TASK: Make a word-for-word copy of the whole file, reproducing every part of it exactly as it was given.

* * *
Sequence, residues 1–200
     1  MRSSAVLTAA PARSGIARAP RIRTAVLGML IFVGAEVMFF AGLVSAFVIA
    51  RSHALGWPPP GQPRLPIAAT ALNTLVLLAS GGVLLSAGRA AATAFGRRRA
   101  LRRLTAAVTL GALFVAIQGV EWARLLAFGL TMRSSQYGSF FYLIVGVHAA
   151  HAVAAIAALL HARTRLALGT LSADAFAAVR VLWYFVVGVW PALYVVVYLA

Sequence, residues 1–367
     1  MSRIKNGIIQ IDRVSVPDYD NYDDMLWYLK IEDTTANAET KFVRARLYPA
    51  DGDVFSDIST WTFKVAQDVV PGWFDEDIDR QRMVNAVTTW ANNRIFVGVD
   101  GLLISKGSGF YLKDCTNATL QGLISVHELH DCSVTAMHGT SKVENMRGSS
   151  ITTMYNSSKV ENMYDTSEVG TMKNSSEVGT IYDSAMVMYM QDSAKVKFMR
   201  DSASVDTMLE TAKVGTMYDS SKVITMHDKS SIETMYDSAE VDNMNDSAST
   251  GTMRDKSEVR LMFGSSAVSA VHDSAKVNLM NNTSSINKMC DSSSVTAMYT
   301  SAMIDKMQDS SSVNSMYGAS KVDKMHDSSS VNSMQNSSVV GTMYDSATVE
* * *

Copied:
Sequence, residues 1–200
     1  MRSSAVLTAA PARSGIARAP RIRTAVLGML IFVGAEVMFF AGLVSAFVIA
    51  RSHALGWPPP GQPRLPIAAT ALNTLVLLAS GGVLLSAGRA AATAFGRRRA
   101  LRRLTAAVTL GALFVAIQGV EWARLLAFGL TMRSSQYGSF FYLIVGVHAA
   151  HAVAAIAALL HARTRLALGT LSADAFAAVR VLWYFVVGVW PALYVVVYLA

Sequence, residues 1–367
     1  MSRIKNGIIQ IDRVSVPDYD NYDDMLWYLK IEDTTANAET KFVRARLYPA
    51  DGDVFSDIST WTFKVAQDVV PGWFDEDIDR QRMVNAVTTW ANNRIFVGVD
   101  GLLISKGSGF YLKDCTNATL QGLISVHELH DCSVTAMHGT SKVENMRGSS
   151  ITTMYNSSKV ENMYDTSEVG TMKNSSEVGT IYDSAMVMYM QDSAKVKFMR
   201  DSASVDTMLE TAKVGTMYDS SKVITMHDKS SIETMYDSAE VDNMNDSAST
   251  GTMRDKSEVR LMFGSSAVSA VHDSAKVNLM NNTSSINKMC DSSSVTAMYT
   301  SAMIDKMQDS SSVNSMYGAS KVDKMHDSSS VNSMQNSSVV GTMYDSATVE